Apostle Islands tour boat the Island Princess
For some reason I was wide awake at 5:30 this morning. I finally got up and into the campground shower at 6:30. By 8:30 I was driving to Bayfield to put Ecovision and her precious cargo–Henry Boy–under a couple of large shade trees on Second Street that I found yesterday. I had the air conditioner blasting on high the entire way to cool it down as much as possible. Then I completely closed up Ecovision by putting insulating panels on every single window, sun shades on the front window, and turning the ceiling fan on. Then I had to let the worries go and trust that Henry would snooze and be comfortable. Of course, a couple times during the day I had to reject visions of coming back to a wildly panting or even passed-out dog.
I was one of the first five or six people in line at 9 a.m. for the 10 a.m. cruise on the Island Princess. We watched this little Yorkie run around a yacht while we waited to board.
Being that early was a good thing because they can only let 50 people on the top deck. Top deck is necessary to take photographs and in my mind to truly enjoy the experience. I grew up boating with my family on Lake St. Clair and come alive when on boats of any kind. Get my sea legs quickly and press my face into the wind.
And yes, another perfect day. I took over 300 photographs so I’ll only post a few here, and they won’t be fully processed. I took extensive notes during the narration and think I will be able to identify most of the individual islands, but not tonight. First, it might be helpful for you to see a map of the tour of the Apostle Islands:
I took the orange “grand tour” and was able to view all 22 islands
This is the view of the hilly and picturesque town of Bayfield as we pulled out of the dock:
Sandstone cliffs, ledges, and caves are the identifying feature of the Apostle Archipelago. I believe this is Basswood Island that was extensively quarried. The second image shows quarry remains.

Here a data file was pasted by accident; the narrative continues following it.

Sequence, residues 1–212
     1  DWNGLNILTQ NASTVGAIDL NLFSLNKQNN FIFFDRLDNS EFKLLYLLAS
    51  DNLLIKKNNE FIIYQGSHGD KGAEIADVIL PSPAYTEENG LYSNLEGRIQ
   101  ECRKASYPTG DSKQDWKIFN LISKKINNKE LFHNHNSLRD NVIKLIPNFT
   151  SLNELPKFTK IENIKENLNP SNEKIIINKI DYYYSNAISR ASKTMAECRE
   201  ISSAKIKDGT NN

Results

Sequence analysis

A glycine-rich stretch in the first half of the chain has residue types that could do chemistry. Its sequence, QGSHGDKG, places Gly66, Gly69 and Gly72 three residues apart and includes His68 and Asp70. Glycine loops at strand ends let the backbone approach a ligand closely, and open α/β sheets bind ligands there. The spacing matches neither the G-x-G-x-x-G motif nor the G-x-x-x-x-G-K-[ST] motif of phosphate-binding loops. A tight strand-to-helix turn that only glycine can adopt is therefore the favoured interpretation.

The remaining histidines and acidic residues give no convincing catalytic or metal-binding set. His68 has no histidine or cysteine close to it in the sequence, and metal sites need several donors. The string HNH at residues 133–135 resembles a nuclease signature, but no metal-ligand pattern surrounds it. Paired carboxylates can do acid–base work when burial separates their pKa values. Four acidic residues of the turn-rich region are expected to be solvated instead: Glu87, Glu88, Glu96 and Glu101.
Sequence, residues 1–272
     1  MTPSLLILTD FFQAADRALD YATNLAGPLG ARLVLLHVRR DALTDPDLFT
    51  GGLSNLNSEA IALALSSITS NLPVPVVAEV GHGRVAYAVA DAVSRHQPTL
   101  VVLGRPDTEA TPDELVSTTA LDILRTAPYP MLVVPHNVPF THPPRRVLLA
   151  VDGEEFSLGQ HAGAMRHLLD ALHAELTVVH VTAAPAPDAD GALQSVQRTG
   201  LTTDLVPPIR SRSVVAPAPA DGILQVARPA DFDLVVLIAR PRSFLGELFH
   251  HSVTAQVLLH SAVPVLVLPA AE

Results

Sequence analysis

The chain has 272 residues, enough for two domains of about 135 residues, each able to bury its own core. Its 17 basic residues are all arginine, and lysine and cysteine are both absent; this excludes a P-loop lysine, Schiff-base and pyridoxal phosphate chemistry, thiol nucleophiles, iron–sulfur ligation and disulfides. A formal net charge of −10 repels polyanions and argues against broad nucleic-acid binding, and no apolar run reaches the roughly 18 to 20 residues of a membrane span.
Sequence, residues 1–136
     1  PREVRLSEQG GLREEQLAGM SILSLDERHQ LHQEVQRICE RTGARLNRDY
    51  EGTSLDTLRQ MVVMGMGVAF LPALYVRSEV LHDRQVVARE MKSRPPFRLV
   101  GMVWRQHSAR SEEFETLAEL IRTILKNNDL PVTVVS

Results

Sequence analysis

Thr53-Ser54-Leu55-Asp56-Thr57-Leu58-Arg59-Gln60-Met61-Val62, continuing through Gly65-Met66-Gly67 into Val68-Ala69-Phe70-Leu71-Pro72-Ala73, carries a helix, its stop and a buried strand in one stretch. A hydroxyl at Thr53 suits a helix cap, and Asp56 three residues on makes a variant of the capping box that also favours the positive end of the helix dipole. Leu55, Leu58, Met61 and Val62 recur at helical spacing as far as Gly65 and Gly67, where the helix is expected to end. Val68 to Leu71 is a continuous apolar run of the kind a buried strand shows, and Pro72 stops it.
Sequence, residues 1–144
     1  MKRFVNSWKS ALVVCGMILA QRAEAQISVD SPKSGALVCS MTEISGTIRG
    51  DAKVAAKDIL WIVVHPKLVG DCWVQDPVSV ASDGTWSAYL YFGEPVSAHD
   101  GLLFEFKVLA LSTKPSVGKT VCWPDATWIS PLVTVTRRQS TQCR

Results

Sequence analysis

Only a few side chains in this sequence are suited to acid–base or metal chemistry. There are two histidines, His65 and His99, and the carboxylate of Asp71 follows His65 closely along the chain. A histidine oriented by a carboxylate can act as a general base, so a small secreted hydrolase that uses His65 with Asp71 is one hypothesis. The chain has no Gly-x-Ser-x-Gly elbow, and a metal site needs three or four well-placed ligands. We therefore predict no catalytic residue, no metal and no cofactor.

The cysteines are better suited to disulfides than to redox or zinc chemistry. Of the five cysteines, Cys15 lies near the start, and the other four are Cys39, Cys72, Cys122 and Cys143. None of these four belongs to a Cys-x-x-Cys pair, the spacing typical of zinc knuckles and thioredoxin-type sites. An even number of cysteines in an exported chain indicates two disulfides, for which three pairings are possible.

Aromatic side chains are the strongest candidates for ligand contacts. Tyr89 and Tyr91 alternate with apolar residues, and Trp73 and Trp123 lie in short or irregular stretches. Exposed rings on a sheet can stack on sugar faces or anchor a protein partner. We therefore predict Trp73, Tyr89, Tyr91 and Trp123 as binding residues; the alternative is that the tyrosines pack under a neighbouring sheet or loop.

The islands are so much larger than I imagined and the distance between them wide. You can a sense of it by finding the powerboat on the left side of this image of some of the islands in the archipelago. (I should mention that the images in this blog are copyright protected so if you would like a copy please contact me for information on archival-quality prints.)
The National Park Service has preserved a fishing village where up to a dozen–but more likely two or three–fishers would stay. Supplies of fresh ice would be brought to them each day, and some diehards would be out there in November for the herring.
Preserved fish camp on Manitou Island
Someone was nice enough to offer to take a photo of yours truly. So here I am feeling a little lost without my camera, but with notebook in hand. Forgive the Lake Michigan tshirt while I’m experience Lake Superior islands.
Karen Vigmostad enjoying the Apostle Archipelago aboard the Island Princess
August 14, 2012
I’ll share a couple more before I go to bed. This shows an island where the sandstone cliffs form beautiful caves that kayakers seek. This photo also includes one of the six lighthouses in the archipelago.
Unique sandstone caves and an island lighthouse
I’m crazy about clouds and caught many images of the few clouds of the day (I keep meaning to join the Cloud Appreciation Society based in Britain). This is one image from today:
It actually wasn’t a great day for sailing because there was almost no breeze. But a few came out toward the end of our four-hour cruise and of course looked as lovely as can be.
All of us on the top deck were a little weary at the end of the cruise. But satisfied!
As for Henry, I practically ran to Ecovision. When I opened up the back door Henry yawned, stretched, and wagged his tail. It was even pleasant inside. Whew. So I treated him to a nice walk along the waterfront, and I’ll share this one last not-so-great photograph of him. Tomorrow I may take the ferry to Madeline Island, or I may just head to Duluth then points north! But for now, it’s our bedtime.
Henry Boy near Bayfield Marina